How Joyce uses language in "A Mother" 12th Grade
James Joyce’s A Mother is a short story based around the life of Mrs. Kearney, a strong-willed woman whose breach of convention results in the destruction of her acclaimed reputation. Joyce’s linguistic use of naturalism, modernism, and feminism, exemplifies the “paralysis” of Dublin’s rigid societal conventions. It further reiterates the gender divisions that existed. The abstract use of language offers the reader different interpretations of the story without disclosing Joyce’s intended meaning. However, it also adds a layer of complexity for readers when analyzing simple interactions between characters, or trying to understand the characters themselves. Despite this, it is clear that Joyce’s use of the above linguistic styles are effective in making makes the reader’s interpretation of the story, their own.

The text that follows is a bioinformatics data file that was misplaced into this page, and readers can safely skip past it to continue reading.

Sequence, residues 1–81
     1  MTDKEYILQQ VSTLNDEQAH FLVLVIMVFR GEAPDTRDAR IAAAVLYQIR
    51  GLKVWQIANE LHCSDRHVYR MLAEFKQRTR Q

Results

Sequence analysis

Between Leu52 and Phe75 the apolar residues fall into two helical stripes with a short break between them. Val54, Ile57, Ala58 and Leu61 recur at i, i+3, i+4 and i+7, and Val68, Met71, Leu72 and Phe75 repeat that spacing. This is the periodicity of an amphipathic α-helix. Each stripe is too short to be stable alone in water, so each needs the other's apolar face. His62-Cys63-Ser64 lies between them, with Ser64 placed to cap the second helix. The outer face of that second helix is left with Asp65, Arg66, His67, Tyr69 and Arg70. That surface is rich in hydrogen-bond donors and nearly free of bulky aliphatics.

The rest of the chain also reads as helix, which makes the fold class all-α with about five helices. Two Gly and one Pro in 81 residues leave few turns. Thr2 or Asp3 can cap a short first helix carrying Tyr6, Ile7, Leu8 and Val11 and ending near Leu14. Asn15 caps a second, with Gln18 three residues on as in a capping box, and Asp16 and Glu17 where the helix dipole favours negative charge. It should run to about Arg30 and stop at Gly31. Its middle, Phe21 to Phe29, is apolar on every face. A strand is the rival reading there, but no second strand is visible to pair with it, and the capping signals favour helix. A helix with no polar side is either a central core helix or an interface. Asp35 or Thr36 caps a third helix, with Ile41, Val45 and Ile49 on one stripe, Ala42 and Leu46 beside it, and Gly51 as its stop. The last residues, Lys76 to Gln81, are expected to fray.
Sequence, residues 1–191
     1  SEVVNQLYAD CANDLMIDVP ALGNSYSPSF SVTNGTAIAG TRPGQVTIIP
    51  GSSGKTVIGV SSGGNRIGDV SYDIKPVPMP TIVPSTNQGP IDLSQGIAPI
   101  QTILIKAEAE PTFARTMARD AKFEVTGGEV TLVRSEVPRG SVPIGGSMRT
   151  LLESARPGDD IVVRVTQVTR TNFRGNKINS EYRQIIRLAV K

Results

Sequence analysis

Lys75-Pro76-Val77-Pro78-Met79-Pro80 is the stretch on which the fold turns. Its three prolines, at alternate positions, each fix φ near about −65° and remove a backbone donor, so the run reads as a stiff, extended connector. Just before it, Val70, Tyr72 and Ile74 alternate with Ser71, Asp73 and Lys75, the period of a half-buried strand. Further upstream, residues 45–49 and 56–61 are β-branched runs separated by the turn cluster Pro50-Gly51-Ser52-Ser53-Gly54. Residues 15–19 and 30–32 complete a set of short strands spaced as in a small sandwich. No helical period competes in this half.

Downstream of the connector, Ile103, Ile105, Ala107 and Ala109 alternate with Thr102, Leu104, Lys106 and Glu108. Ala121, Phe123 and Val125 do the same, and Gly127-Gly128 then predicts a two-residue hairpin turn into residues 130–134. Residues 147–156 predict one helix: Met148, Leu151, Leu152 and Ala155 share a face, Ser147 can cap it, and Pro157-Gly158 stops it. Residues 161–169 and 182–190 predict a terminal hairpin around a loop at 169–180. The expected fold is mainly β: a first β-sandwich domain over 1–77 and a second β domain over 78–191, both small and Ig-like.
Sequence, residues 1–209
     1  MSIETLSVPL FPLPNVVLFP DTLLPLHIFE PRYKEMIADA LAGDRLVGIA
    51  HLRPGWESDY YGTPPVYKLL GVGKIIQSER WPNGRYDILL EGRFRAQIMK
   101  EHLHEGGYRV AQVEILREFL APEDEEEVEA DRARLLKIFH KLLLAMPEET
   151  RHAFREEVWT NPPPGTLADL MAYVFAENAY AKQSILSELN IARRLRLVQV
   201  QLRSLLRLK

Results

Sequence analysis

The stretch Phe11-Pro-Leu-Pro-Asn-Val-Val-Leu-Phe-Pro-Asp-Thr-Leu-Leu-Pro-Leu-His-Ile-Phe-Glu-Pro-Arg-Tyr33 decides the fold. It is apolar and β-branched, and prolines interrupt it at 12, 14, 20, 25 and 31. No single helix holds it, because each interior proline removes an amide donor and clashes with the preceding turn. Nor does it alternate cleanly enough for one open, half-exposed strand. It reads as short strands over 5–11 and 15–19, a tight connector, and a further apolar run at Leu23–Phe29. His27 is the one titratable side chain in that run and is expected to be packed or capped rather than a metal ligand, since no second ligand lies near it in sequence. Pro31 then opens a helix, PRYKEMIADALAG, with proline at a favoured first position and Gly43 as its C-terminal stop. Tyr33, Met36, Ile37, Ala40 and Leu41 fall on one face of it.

Joyce’s use of modernist techniques means that the language used is never absolute. He aims to deconstruct previous styles of writing, by manipulating the normal narrative structures of stories. This means that the reader is prevented from making an immediate judgment of Mrs. Kearney until after the story’s end. For example, Mrs. Kearney is described...
Join Now to View Premium Content
GradeSaver provides access to 998 study guide PDFs and quizzes, 7825 literature essays, 2194 sample college application essays, 333 lesson plans, and ad-free surfing in this premium content, “Members Only” section of the site! Membership includes a 10% discount on all editing orders.
Already a member? Log in